This week I had the indescribably wonderful opportunity to perform a Brit Milah for my first grandchild, Yisroel Shlomo Rubin!  It is difficult to describe the level of joy and nachas that we experienced as a family.  Perhaps the most meaningful moment for me was seeing my father’s expression as he held his great-grandson in his arms while the Brachot were read.  A survivor of the Holocaust, my father likely struggled to envision seeing generation after generation of his own family continue in the ways of Hashem.  Yet here we are.

It is so easy to take Hashem’s blessings for granted.  Births happen every day, but that does not make them any less of a true miracle and gift from above. 

Sometimes, it takes a spectacular moment to help us appreciate all of the other ‘seemingly’ mundane moments and to recognize them for what they are.  Gifts from Hashem.

Wishing you a Shabbat Shalom,

Rabbi Don Pacht

Friday, November 1, 2019

Philosophically Speaking

Only ten generations after Adam and Chava, Hashem has cause to reconsider having created the world.  The entire generation, with the exception of only one family, was to be erased by the flood.  The only indication from the Torah as to the nature of humanity’s crimes is the following statement,
"ותשחת הארץ לפני האלקים",
(and the land was corrupted before Hashem).
Many commentators have dealt with the question of how the sins of the people caused the gates of mercy to close and Hashem to stand in judgment.
Rabbi Shlomo Gantzfreid, author of the Kitzur Shulchan Aruch, explains that the answer to that very question is presented within the above verse.
As stated, it was only before Hashem that the corruption was apparent. The people, however, refused to recognize their actions as improper.  Although they engaged in a great many sins, the population had developed a philosophy of permissiveness that allowed them to justify anything.  As such, it was not the sins themselves that brought about their downfall, as Hashem is merciful and forgiving.  Rather, it was their inability to allow for repentance, through false justifications of their actions, that sealed their fate.
Our sages tell us that before Adam and Chava ate of the Tree of Knowledge, right and wrong were as clear as night and day.  After the first sin, ambiguity, rationalization and justification were introduced into the human psyche.  It is our responsibility to recognize the truth and restore our world to the perfection of creation.

Shabbat Shalom,
Rabbi Don Pacht

Friday, October 25, 2019

Back, to the Beginning...

This week we begin, again, reading the Torah from the very ‘Beginning’.  
The opening words of our Parasha famously tell us that when Hashem first began the creation process:
והארץ היתה תהו ובהו וחשך על פני תהום
“…the earth was astonishingly empty, with darkness upon the surface of the deep.”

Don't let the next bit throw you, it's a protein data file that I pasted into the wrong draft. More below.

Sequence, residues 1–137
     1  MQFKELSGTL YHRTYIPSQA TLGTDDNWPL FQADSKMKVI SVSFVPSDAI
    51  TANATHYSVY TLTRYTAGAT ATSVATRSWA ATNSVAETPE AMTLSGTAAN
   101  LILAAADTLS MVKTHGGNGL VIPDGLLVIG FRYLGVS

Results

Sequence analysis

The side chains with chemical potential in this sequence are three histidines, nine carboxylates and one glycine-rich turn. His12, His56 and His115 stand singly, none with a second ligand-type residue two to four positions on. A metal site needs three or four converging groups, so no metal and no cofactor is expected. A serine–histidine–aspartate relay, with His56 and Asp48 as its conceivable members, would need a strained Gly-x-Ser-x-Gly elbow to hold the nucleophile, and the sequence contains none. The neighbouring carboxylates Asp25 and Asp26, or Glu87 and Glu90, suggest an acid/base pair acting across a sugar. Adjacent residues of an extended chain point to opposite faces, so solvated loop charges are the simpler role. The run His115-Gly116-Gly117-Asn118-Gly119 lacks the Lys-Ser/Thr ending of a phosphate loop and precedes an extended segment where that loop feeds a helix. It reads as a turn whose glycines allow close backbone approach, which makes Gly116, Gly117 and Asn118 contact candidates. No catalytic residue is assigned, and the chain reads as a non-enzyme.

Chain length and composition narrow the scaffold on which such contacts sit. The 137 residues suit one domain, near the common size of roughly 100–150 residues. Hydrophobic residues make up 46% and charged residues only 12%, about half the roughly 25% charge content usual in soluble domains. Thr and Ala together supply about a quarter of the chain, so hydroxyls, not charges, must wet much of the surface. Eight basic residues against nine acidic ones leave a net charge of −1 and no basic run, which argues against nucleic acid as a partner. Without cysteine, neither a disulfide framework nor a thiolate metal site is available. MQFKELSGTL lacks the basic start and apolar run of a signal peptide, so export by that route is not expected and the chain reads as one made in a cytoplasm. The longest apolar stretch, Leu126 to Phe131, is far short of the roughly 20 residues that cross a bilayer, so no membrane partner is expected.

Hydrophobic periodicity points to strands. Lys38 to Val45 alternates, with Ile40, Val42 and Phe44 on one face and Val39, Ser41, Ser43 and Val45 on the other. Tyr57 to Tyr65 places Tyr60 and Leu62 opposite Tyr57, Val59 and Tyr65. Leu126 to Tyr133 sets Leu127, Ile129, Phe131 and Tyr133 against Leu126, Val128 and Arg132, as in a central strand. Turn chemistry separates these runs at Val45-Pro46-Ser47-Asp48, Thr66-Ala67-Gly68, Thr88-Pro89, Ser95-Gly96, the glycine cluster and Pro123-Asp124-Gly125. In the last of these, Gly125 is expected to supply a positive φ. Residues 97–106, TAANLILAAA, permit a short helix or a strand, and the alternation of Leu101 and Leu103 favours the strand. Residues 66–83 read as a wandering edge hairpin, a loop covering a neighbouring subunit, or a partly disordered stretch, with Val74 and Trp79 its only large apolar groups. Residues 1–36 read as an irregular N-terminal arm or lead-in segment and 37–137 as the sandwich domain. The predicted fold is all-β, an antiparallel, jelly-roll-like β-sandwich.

It is difficult for us even to comprehend what such ‘nothingness’ is even like.  Yet, the Torah goes out of its way to mention this.

Rabbi Binyomin Tadler, in his commentary to the Midrash – Tiferet Tzion, explains the purpose of this verse.
 The Torah wants us to understand that the default setting of the world is-‘nothing’.  Hashem chose to create heaven and earth, sun and stars, plants and animals, all to serve a specific purpose.  Everything was created for us!  For us to use in our pursuit of spirituality through the study of Torah and the performance of Mitzvot.  However, if we do not take this opportunity, than all of creation will have lost its purpose and may as well be – ‘nothing.’

It is no surprise that our sages would design a reading cycle that would bring us back to this message at this time of year.  We have just climbed the spiritual heights that Rosh Hashanah and Yom Kippur drive us towards and spent days in the Sukkah reliving the experience of Hashem’s kindness.
Let us use the message of Bereishit to maintain our renewed focus on our spirituality, Torah and Mitzvot.  Let us push back the darkness and ensure that it was not all for nothing!

Wishing you a Shabbat Shalom,

Rabbi Don Pacht

Friday, October 11, 2019

ISN'T IT OBVIOUS

The Mitzvah to live in the Sukkah for seven days is explained with the following verse:
למען ידעו דרתיכם כי בסכות הושבתי את בני ישראל
“So that your generations will know that I caused the Children of Israel to dwell in sukkot [when I took them from the land of Egypt]”


There is some Talmudic debate as to the specifics of this reference: One opinion understands this to mean the actual huts (sukkot), in which the people lived while traveling through the desert. Another opinion sees this as a reference to the Clouds of Glory, that surrounded the nation on all sides and protected them through their travels.  
What is unavoidable, however (as it is stated explicitly in the verse), is that this Mitzvah hearkens back to the Exodus from Egypt.

If this is the case, it gives rise to a question: If the Mitzvah of Sukkah is related to the Exodus, that took place in Nisan, not Tishrei.  Should we not have the Mitzvah of Sukkah on Pesach, marking the anniversary of our departure from Egypt and our initial travel into the desert?

Rabbi Yaakov ben Asher, in his monumental work Arba Turim, offers the following answer: Nisan is the start of Spring and many people would, in any event, move from their homes to outdoor structures (gazebos, tents, etc.), enjoying your meals in a Sukkah might seem like typical spring/summer behaviour.  Tishrei, however, is the start of the colder/rainier weather.  Sitting in the Sukkah in late September/early October is by no means typical behaviour (if this holds true for Israel and Vancouver, just imagine how our friends in Edmonton are faring)!

Therefore, concludes Rabbi Yaakov, we perform this Mitzvah now (in the Fall), so hat it will be obvious to all that observe us that we are doing so only to fulfill the commandment of our King, Hashem.

This idea should give us pause and force us to examine ALL of our Mitzvah performance.  Are we doing this because we ‘like to’? Because we feel a  social pressure? Because our parents did this?  Or, are we performing Mitzvot out of our recognition of all the Hashem has done for us and, therefore, want to fulfil his requests to the fullest.

Just as sitting in a Sukkah when it is minus 25 degrees outside (sorry Edmonton…) is clearly to perform the will of out creator, we should make it our mission to perform every Mitzvah with the proper positivity and enthusiasm that all who observe will find it obvious…it is a Mitzvah!

Let us use the spiritual energy that we have built from Yom Kippur to infuse our Mitzvah of Sukkah, and ALL Mitzvot to follow with a new level of passion and excitement. 

Wishing you a Shabbat Shalom and Chag Sameach,

Rabbi Don Pacht